26. Partial Solutions B • Detection of local similarities. • Detection of subset of molecules that share some local structural pattern. A A B is harder to detect than A A B

  27. Multiple-LCP is NP-hard even in one dimensional space for the case of exact congruence (Akutsu 2000). • 3-D + ε-congruence more complex problem Largest Common Point Set (LCP) Given two point sets detect the largest common sub-set. [exact congruence or ε-congruence]

  28. Solution Space • The number of solutions, which answer the minimal criteria, could be exponential. α-1 α-2 α-3 3•2•3 kM α-1 α-2 α-1 α-2 α-3

  29. Partial Multiple-LCP Detect t largest alignments between exactly k molecules. We are interested in above solutions for each k, 2  k m.

  30. MultiProt /home/silly6/mol/demos/MultiProt/ • Non-predefined Pattern detection. • Partial Solutions. • Time Efficient – • 5 protein in 14 seconds • 20 proteins (~500 a.a.) in 10 minutes • 50 proteins (~200 a.a.) in 19 minutes • [PentiumII 500MHz 512Mb memory]

  31. α-1 α-2 α-3 α-1 α-1 α-1 α-2 α-2 α-2 α-1 α-1 α-1 α-2 α-2 α-2 α-3 α-3 α-3

  32. Algorithm Features • Assumption: any multiple alignment of proteins should align, at least short, contiguous fragments (minimum 3 points) of input points. • Reduction of solution space: The aligned contiguous fragments are of maximal length. • All (almost, because of ε-congruence) possible solutions (transformations) are detected (optimal solutions are ‘hard’ to select).

  33. Multiple Alignment with Pivot Input: Pivot Molecule: Mp (participates in all solutions) Set of Molecules: S`=S\{Mp } Error Threshold: ε • Detect all possibly aligned fragments of maximal length between the input molecules (chance to detect subtle similarities). • Select solutions that give high scoring global structural similarity. • Iterate over all possible pivots, Mp = M1… Mm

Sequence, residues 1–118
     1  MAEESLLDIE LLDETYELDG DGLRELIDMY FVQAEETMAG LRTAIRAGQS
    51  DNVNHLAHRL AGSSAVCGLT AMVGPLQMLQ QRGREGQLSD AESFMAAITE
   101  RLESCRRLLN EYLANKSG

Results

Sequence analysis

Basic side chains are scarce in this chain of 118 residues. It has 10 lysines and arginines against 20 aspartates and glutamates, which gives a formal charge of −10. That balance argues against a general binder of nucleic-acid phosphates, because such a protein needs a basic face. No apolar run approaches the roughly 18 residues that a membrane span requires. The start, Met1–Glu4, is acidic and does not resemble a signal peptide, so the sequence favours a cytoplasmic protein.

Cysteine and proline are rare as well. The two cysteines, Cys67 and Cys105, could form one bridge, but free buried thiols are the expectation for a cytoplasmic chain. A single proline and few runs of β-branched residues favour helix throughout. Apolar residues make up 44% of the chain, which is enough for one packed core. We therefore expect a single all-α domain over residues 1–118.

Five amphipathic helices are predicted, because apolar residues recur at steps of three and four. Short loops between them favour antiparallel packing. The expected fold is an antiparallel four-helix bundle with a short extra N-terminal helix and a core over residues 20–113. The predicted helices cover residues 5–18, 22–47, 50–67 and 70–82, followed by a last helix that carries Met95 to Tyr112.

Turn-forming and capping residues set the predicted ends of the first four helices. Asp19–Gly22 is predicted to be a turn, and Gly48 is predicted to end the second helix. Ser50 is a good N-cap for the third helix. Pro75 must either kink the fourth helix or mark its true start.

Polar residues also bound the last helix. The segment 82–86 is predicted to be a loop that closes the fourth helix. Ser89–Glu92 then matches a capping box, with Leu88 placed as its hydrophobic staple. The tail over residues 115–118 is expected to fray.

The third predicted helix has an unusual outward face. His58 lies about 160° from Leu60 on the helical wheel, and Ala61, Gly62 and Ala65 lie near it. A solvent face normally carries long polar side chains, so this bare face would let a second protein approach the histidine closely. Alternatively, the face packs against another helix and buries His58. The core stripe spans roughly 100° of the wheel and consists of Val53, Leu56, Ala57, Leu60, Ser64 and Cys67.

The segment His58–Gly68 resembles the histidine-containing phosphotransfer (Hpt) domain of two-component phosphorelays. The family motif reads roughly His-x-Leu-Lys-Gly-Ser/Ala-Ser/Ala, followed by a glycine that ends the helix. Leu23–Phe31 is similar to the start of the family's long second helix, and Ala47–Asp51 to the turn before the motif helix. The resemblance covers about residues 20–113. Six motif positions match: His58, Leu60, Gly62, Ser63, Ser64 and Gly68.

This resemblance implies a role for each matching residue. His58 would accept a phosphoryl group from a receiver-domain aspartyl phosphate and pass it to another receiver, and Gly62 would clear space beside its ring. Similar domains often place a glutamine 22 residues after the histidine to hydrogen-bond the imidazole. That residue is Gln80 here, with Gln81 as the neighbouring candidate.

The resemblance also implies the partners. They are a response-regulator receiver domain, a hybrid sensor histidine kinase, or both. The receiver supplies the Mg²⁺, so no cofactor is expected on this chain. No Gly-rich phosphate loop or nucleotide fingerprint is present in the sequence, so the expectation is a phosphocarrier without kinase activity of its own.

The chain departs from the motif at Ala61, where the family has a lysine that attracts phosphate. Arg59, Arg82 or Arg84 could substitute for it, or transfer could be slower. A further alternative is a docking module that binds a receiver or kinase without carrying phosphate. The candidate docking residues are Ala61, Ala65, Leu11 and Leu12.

34. Bio-Core Detection • Geom. + Bio. Constraints • Classification: • hydrophobic (Ala, Val, Ile, Leu, Met, Cys) • polar/charged(Ser, Thr, Pro, Asn, Gln, Lys, Arg, His, Asp, Glu) • aromatic(Phe, Tyr, Trp) • glycine(Gly) Or any other scoring matrix!

  35. Experimental Results

  36. Superhelix, 5 molecules.

  37. Concavalin, 6 molecules.

  38. Partial Solution Detection B 1adj 1hc7 1qf6 1ati A Task to detect A and B B x A z y A B A B

  39. Domain A ranked first(142 matched atoms) • Domain B ranked eight’th(85 matched atoms)

  40. 4 proteins aligned based on detected domain A

  41. Multiple Alignment of domain A

  42. Multiple Alignment of domain A(enlarged)

  43. 4 proteins aligned based on domain B

  44. Multiple Alignment of domain B

  45. Multiple Alignment of domain B(enlarged)

  46. B A Application to G proteins A

  47. Substrate assisted catalysis – application to G proteins Substrate assisted catalysis – application to G proteins. Mickey Kosloff and Zvi Selinger, TRENDS in Biochemical Sciences Vol.26 No.3 March 2001 161

  48. Aspects of Structural Comparison • A large number of structures (hundreds) – Molecular Dynamics. • Structural flexibility – proteins are not rigid structures. • Structure representation – • C-alpha atoms are suitable for comparisons of folds. • Detection of similar function requires different representation. This brings another problem – side chain flexibility. • Sequence order in structural alignment. • Detection of active sites might require different approach. Proteins with different folds might provide the same function. • Statistical Significance • Measure of geometrical similarity (RMSD, bottleneck, …), biological scoring function.